The Stones Would Shout

Preached on 14 April 2019 at Church of the Ascension in Seattle, Washington
Palm Sunday / Sunday of the Passion, Year C

The Stones would shout out!

The Good News cannot be stopped.
Jesus’ message cannot be silenced.

A few weeks ago, we heard, in John’s gospel, the Pharisees and Scribes warning Jesus, “don’t go to Jerusalem.  Herod is set on killing you.”  Jesus had gotten word that his friend, Lazarus was very ill, near the point of death.

Jesus goes and raises Lazarus anyway.
That’s when the authorities begin looking for a way to kill him.

Today, we’re hearing from Luke.  Jesus is heading toward Jerusalem from the Mount of Olives, but he’s not even in the city yet.  The crowds of disciples shout their praise, “Blessed is the king who comes in the name of the Lord!”  All this talk of kings makes the Scribes and the Pharisees very nervous.  They’re afraid; this is putting them in danger, too.  “Keep it down,” they say, “make your people be quiet.” (Don’t attract attention, or soldiers or violence, is the subtext.)

This reminds me of the scene in the musical, Hamilton.  It’s near the beginning when all the main revolutionaries meet Alexander Hamilton for the first time.  They’re in a pub, airing their grievances and hopes for a better future.  Aaron Burr interrupts them,

“Geniuses, lower your voices
You keep out of trouble and you double your choices.
I’m with you, but the situation is fraught
You’ve got to be carefully taught.
If you talk, you’re gonna get shot!”

Earlier, Hamilton had challenged him, “If you stand for nothing, Burr, what will you fall for?”

Perhaps that’s Jesus’ challenge to the Pharisees when he tells them, “It wouldn’t do any good, if they stop, the very stones would shout!”  Jesus’ message of justice and the righteousness of God cannot be silenced.

Jesus knows how this story will have to end.
We know it, too.  We heard it today.

Jesus goes into the city and teaches, anyway.

He drives the money-changers out of the Temple, causing a huge commotion.  He spends all week teaching in the Temple and telling his disciples what is to come: the destruction of the Temple, the fall of Jerusalem.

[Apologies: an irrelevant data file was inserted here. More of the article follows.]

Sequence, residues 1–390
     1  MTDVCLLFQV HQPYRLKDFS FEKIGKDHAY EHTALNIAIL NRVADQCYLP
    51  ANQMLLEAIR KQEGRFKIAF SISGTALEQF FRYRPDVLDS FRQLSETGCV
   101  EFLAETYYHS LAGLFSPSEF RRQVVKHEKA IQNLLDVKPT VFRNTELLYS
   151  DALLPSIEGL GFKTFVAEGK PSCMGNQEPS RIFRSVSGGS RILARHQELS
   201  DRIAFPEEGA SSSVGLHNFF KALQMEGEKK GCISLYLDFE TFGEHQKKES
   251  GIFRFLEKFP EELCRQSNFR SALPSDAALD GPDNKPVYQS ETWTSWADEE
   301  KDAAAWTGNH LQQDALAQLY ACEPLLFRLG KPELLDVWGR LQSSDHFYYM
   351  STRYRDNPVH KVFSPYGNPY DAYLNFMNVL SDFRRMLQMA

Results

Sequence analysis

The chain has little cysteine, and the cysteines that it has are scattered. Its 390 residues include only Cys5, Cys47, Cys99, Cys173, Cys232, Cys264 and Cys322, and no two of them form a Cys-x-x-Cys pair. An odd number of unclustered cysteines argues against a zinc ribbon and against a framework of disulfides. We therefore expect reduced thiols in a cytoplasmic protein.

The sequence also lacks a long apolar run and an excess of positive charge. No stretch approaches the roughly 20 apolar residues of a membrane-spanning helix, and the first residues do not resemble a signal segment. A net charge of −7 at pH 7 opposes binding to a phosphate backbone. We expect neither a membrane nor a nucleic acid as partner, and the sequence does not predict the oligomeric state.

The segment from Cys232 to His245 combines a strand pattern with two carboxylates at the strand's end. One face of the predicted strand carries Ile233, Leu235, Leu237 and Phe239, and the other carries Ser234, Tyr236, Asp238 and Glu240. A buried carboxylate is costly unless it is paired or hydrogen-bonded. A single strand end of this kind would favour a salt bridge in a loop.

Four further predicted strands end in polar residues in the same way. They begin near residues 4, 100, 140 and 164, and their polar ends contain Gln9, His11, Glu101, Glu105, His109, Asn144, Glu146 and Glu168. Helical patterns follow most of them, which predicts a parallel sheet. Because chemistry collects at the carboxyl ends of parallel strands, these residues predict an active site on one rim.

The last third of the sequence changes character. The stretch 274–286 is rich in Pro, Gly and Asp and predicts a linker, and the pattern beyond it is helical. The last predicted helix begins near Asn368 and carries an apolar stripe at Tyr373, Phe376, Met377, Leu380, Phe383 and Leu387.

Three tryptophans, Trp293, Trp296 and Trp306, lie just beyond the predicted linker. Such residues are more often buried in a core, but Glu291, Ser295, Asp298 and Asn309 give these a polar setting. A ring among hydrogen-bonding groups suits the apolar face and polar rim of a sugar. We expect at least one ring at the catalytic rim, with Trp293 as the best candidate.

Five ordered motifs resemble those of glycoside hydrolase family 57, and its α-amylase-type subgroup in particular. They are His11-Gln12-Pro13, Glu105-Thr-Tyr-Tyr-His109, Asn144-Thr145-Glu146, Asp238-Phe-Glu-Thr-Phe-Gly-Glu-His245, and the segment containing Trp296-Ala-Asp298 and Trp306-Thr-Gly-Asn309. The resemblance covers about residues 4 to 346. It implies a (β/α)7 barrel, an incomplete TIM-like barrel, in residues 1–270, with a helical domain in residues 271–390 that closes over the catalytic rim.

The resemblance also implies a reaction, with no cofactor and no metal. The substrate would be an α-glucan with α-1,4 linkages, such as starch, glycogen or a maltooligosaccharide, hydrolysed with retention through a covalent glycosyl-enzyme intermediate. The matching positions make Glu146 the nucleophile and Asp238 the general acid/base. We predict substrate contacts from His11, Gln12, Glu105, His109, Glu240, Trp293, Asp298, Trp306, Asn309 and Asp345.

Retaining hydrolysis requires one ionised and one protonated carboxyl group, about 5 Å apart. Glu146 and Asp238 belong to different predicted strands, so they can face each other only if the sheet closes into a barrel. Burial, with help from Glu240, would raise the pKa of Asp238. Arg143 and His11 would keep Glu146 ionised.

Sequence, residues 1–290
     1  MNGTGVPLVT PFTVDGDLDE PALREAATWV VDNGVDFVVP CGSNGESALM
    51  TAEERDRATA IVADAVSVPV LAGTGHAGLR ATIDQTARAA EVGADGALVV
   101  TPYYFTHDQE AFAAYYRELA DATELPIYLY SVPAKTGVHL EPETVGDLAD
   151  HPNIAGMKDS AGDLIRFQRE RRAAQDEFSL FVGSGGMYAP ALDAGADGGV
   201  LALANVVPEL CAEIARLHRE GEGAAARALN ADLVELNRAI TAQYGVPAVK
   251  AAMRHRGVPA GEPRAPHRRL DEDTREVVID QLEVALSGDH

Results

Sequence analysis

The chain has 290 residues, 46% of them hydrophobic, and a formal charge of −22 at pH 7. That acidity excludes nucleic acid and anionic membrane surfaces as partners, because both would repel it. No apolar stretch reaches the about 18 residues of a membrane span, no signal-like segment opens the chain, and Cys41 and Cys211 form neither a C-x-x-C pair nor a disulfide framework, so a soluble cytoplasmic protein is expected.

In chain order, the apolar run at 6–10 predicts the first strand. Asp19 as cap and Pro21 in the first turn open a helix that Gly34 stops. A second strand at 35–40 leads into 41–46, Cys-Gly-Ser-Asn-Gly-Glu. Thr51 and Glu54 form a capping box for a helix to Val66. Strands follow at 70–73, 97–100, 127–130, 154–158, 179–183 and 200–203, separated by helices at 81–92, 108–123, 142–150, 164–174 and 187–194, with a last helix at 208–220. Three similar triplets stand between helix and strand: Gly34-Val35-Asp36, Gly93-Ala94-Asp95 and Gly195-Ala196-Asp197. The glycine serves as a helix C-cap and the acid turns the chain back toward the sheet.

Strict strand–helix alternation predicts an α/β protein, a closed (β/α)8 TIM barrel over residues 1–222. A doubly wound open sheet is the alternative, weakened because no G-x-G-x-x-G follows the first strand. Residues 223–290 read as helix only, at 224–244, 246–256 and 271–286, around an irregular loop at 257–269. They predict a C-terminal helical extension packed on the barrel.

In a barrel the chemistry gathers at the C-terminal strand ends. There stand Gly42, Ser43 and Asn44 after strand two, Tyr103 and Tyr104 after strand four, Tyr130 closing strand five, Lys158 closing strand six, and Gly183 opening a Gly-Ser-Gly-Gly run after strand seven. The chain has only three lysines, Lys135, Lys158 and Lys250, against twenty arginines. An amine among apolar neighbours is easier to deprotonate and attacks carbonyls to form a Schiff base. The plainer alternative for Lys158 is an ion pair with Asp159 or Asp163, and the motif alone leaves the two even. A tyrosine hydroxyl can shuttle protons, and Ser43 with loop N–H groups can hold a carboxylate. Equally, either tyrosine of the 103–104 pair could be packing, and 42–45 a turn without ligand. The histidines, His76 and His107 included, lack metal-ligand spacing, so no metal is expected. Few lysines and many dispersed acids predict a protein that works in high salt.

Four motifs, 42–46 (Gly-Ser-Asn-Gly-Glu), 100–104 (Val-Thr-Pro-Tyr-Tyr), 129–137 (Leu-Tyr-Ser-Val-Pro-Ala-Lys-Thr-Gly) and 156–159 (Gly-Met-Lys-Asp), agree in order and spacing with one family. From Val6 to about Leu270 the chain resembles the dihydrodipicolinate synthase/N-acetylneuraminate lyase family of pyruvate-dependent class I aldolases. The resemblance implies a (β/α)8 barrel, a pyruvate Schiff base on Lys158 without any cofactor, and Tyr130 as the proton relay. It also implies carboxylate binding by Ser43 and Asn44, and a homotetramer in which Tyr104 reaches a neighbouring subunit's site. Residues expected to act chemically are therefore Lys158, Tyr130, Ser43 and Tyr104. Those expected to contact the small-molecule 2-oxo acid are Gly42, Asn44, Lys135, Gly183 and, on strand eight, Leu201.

The cross is looming, death and destruction are at the door and what does Jesus do with his disciples?  He celebrates anyway!
It is the Feast of the Passover.  They share the traditional meal, they remember and celebrate God’s saving work in the Exodus from slavery in Egypt; and their journey to the Promised Land.

It’s not just calling to mind an event in history, though, it’s recognizing it as their own personal story, a present story, an on-going story.  It’s a story that will take on new meaning for them over the next few days.

It’s a story that has new meaning for us as we contemplate the cross and the empty tomb, yes, but also as we experience and witness the violence and suffering and injustice in our world.

The slow, patient work of God creating a world of justice and peace cannot be stopped.  Christ’s message of justice cannot be silenced.  Not by the cross, not by violence and oppression, not be destruction or death.  “If these were silent, even the stones would shout out.”

The magnitude of the brokenness of the world can overwhelm us.  Fear can isolate us, paralyze us, silence us.  Community, on the other hand, connection with other people, especially community in Christ – that kind of connection counters the isolation and can overcome the fear that overwhelms, paralyzes, and silences.  It can empower us to shout out.

This year, our Lenten program has been a book study.  Together, we’ve been reading and discussing the book, Grateful: The Transformative Power of Giving Thanks, by Diana Butler Bass.  I think all of us learned a lot and some of it has been quite eye-opening.

Gratitude is more than good manners and writing thank-you notes.  Deep gratitude moves us outward toward generosity.  Being grateful is more than a personal, individual feeling or action.  Gratitude always connects us with others.  It moves out into community.  Bass notes that when we are a truly grateful society, we move toward one that focuses on the common good; the well-being of all.

She writes, “True gratitude cannot remain quiet in the face of injustice.”

Or as Jesus put it, “the stones would shout out.”

In her epilogue, she offers some ideas for becoming a more grateful person and moving toward becoming a more grateful society.  The one that caught my attention was this, “Begin before you’re ready.”  There is no advantage to waiting until – well, until what?

Other ideas include connecting with others – particularly the choices we make regarding whom we connect with.

Remembering Jesus, remembering that his message of justice cannot be silenced.  Remembering what he does even on his way to the cross; what do we choose?

Despite the set-backs and discouragement; despite our fear and isolation,
We begin anyway.
We connect with one another anyway.
We reach out to others anyway.
We speak out anyway.
We celebrate and give thanks in all things, anyway.